That one is at Pleasant View low-income apartments. He also installed one at Bennie Costa Plaza at the request of a mother of two young boys; at Corrigan dedicated to the patients; at SSTAR addiction treatment center dedicated to a friend who died of an overdose; at Bristol Community College dedicated to a professor; at Columbus Park dedicated to a pre-teen crush of his who died of an overdose; and at Heritage State Park adjacent to Battleship Cove and beneath the Braga Bridge alongside Mount Hope Bay to show his love for the city where he grew up in that iconic setting.

Medeiros said he’d eventually like to put two or three in every low-income housing development and park in Fall River, New Bedford, Taunton and Providence.

“I want to turn a one-pound game into a thousand-pound fixture,” said Medeiros, who has come to view chess as a way for human beings to reach for beauty even in the midst of ugliness.

“My goal is to build it right into the infrastructure of a city, like a basketball hoop.”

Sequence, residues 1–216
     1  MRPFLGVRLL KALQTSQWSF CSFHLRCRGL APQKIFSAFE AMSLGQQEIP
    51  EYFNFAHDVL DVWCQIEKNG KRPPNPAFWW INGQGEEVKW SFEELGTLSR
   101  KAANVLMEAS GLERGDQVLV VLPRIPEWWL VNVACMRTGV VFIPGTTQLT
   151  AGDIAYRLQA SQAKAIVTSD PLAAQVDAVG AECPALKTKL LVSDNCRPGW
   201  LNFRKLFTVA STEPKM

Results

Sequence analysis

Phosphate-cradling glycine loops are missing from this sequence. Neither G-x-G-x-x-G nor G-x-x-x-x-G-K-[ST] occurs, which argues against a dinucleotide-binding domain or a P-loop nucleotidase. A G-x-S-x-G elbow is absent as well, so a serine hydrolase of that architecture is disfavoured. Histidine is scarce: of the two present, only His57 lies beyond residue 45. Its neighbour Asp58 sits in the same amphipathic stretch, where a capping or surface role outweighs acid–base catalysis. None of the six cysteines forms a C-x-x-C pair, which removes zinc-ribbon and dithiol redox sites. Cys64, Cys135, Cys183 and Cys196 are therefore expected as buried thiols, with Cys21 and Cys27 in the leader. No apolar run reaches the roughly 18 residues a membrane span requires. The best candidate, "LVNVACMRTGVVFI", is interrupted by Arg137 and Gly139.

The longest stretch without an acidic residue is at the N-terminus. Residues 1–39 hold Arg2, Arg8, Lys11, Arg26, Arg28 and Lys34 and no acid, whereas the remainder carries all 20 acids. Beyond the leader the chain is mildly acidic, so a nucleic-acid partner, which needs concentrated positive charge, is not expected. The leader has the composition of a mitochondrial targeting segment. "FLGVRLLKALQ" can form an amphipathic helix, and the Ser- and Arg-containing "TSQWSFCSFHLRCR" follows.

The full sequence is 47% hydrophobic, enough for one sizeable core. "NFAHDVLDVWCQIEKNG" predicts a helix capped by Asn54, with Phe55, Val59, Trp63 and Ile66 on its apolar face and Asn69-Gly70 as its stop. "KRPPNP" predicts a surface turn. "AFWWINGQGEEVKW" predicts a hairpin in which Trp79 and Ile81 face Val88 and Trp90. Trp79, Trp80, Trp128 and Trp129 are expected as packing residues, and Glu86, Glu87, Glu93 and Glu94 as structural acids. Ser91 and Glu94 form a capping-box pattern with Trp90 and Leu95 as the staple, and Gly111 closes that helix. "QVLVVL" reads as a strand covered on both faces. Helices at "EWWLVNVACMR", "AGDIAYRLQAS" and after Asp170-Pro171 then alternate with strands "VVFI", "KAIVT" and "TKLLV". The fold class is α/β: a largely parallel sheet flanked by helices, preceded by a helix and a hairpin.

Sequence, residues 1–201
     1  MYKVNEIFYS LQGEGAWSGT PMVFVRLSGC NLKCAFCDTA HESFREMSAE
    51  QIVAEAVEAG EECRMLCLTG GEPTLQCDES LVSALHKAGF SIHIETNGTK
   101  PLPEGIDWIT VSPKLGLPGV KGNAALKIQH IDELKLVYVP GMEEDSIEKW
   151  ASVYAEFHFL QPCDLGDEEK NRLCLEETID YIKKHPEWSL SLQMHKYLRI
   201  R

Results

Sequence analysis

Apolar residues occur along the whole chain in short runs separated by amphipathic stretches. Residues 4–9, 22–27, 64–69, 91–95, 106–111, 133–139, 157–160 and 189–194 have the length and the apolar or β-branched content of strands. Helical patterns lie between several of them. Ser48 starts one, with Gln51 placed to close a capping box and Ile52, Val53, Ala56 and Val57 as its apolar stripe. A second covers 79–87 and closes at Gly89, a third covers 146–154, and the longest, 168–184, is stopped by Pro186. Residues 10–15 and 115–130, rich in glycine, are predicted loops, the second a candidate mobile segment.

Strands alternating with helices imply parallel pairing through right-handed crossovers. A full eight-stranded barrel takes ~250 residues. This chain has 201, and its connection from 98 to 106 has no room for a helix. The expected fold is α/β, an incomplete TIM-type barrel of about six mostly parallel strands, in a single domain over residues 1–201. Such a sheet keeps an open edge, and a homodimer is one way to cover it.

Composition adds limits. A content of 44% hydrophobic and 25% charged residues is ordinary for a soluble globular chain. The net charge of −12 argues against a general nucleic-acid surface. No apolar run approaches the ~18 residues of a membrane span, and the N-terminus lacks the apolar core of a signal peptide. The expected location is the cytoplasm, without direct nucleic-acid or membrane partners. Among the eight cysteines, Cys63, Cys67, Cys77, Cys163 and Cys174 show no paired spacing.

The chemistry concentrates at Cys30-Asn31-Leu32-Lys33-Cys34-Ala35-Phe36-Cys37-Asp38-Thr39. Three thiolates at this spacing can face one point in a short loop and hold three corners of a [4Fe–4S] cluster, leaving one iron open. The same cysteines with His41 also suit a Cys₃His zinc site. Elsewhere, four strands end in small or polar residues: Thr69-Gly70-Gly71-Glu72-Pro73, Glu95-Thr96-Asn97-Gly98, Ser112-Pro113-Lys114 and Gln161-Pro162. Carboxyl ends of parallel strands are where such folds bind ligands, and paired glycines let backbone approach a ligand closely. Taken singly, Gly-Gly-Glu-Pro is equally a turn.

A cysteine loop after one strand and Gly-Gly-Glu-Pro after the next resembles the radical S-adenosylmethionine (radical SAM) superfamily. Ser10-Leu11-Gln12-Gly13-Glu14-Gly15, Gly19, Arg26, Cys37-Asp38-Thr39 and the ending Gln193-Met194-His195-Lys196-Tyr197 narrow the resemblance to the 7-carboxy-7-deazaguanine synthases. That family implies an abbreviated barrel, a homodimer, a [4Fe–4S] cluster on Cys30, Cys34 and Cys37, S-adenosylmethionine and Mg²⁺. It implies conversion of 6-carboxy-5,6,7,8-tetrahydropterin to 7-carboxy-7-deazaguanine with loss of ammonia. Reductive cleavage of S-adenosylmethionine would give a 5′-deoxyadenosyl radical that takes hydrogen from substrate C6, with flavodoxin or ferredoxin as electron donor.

Along the way there have been some discouraging moments, like when he finds graffiti on the tables.

But there have also been moments of grace, magical moments he’ll never forget.

Like the day he met two children playing checkers on his table at Columbus Park — only they didn’t have any actual checkers so they were using rocks.

Medeiros was moved by their ingenuity — like the Paraguayan children who play heartbreakingly beautiful musical on instruments made of trash because it’s all they have.

He asked the children at Columbus Park what they thought of the table, never letting on he had built it.

One of the little boys, who was maybe 8 years old, said he thought it was beautiful.

When Medeiros asked him why, he ran his fingers across the table and wrapped his arms around it and said, “It just is.”

Medeiros himself had a very difficult childhood, raised in poverty, with a lot of dysfunction in his life, he said.

When he was 13, he found his father hanging from a pipe in his basement. He does not sugarcoat it. His father was very depressed but he could also be cruel, Medeiros said.

It was an experience that could have hardened Medeiros but instead made him more compassionate and empathetic, he said.